Drought conditions, combined with frost damage has resulted
in the second year in a row of low orange production in Brazil. Contrary to
most years where forecasts bob up and down, in 2021 every forecast has been
less than the one prior. This is the year when the reality has been worse than
the expectations. Sometimes it is the growers who forecast most accurately and
we have read that growers believe the final production tally will be no greater
than 250 million boxes. This means that Brazil will have experienced two well-below
average crops in a row.
The consequence of low production in Brazil is that there is
considerable demand for orange oil from all other origins. Not surprisingly, the
cost of orange is up and the availability of orange is low.
This is bad news for everyone. The optimistic estimates for
production in Mexico have been tempered by successive hurricanes. It is now likely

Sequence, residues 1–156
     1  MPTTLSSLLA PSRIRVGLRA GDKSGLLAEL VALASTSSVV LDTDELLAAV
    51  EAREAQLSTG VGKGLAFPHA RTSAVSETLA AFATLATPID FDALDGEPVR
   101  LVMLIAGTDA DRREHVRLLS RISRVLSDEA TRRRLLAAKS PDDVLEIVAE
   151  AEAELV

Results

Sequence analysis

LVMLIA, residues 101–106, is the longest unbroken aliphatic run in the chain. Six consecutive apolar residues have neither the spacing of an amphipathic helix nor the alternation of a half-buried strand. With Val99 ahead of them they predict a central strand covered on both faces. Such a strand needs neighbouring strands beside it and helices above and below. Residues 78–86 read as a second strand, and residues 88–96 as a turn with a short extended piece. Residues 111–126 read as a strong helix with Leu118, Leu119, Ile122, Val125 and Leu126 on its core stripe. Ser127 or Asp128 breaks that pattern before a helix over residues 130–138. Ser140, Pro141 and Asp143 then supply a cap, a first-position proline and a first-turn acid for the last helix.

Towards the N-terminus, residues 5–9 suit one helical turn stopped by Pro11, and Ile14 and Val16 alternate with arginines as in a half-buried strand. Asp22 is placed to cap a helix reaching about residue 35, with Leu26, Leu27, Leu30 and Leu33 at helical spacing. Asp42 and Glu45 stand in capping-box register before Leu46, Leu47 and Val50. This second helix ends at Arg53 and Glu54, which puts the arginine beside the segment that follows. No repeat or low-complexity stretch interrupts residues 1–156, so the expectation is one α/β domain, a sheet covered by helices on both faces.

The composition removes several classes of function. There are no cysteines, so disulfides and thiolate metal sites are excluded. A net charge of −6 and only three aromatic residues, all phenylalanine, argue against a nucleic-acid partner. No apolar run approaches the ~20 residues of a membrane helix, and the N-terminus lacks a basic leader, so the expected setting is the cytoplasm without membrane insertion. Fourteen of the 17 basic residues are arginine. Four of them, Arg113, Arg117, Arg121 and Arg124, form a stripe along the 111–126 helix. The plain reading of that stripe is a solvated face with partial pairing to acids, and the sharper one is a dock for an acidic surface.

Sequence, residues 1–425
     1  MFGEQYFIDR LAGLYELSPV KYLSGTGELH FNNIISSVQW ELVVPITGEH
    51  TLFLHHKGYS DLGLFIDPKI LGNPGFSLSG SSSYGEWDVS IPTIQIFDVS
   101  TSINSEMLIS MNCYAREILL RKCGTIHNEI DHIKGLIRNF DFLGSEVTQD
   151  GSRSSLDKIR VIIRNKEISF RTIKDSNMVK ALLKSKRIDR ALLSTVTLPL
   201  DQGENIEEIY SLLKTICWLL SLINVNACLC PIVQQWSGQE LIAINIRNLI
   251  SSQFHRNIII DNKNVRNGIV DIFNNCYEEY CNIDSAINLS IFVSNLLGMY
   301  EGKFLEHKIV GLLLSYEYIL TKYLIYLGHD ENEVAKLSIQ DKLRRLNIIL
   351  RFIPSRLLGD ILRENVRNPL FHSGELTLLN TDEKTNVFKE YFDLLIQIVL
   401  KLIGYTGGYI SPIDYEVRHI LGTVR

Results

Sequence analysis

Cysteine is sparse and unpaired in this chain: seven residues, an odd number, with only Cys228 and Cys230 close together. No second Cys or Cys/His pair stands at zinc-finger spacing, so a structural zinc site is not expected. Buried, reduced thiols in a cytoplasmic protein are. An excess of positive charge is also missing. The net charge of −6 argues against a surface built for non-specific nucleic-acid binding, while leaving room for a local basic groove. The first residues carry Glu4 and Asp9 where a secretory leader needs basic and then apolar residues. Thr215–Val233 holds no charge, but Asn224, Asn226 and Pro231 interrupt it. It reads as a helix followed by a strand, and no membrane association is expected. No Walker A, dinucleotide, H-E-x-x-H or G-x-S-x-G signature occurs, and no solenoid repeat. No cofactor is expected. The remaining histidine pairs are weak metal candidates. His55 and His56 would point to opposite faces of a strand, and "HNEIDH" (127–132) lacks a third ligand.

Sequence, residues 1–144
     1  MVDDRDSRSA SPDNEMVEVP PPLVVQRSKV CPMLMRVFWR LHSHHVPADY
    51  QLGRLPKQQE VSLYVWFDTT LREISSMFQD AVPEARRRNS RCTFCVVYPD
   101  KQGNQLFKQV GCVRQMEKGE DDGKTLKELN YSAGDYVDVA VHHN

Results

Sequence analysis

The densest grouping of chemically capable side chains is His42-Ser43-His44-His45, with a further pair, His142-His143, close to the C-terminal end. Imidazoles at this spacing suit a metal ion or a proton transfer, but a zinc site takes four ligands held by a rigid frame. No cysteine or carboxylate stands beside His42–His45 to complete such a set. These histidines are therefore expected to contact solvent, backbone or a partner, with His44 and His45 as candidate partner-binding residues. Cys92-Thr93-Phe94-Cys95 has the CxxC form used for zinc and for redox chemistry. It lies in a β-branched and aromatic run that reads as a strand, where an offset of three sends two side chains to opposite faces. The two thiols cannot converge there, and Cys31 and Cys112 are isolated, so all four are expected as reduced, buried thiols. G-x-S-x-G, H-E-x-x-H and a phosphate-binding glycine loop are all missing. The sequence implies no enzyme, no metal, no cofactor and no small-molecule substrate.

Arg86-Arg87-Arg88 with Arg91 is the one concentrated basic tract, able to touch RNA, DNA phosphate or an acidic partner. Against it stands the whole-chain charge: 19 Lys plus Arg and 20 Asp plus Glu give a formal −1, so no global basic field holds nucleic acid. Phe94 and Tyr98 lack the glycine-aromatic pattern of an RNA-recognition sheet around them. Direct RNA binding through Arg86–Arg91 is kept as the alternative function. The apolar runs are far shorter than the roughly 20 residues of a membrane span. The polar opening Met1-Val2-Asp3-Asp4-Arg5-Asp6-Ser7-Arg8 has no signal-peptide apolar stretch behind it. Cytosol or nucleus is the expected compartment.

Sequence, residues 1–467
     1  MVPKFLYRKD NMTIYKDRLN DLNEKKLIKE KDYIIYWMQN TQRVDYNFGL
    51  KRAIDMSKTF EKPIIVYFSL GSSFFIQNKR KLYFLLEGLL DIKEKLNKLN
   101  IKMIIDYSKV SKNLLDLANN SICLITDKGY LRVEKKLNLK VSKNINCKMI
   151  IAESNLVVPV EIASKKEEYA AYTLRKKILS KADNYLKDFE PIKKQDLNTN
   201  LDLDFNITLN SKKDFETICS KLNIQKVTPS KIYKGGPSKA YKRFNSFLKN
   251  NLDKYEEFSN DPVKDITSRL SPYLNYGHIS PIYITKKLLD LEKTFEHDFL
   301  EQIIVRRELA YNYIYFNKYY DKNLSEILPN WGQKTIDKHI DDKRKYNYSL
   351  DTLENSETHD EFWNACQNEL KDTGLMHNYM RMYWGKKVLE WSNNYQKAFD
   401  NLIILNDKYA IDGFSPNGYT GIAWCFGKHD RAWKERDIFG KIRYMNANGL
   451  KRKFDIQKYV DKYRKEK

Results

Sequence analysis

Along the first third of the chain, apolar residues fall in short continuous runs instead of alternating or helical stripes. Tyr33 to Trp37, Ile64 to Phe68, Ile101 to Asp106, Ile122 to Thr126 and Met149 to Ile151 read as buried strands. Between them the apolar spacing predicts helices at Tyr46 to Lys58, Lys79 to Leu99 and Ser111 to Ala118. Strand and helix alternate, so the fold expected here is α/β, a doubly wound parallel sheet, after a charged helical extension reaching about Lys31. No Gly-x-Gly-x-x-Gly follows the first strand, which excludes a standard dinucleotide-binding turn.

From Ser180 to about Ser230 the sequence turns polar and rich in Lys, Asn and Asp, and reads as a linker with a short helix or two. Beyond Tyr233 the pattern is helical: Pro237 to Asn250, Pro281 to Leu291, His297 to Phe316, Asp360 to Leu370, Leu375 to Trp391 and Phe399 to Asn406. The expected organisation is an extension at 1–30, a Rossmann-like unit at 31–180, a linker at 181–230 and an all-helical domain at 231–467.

that the crop size in Mexico will be average. Of course, production in Florida
is still suffering from Citrus greening with numbers in the 50 million box
The spread between the value of orange oil and orange
terpenes is so large that the cost of folded orange is at an all-time high.
Given that the industrial alternative for d-limonene is petrochemical based,
and far less expensive, there is little reason to expect that the gap between the
value of cold pressed and terpenes will narrow significantly. As a result, the
cost of folded oils may remain high through the spring of 2022.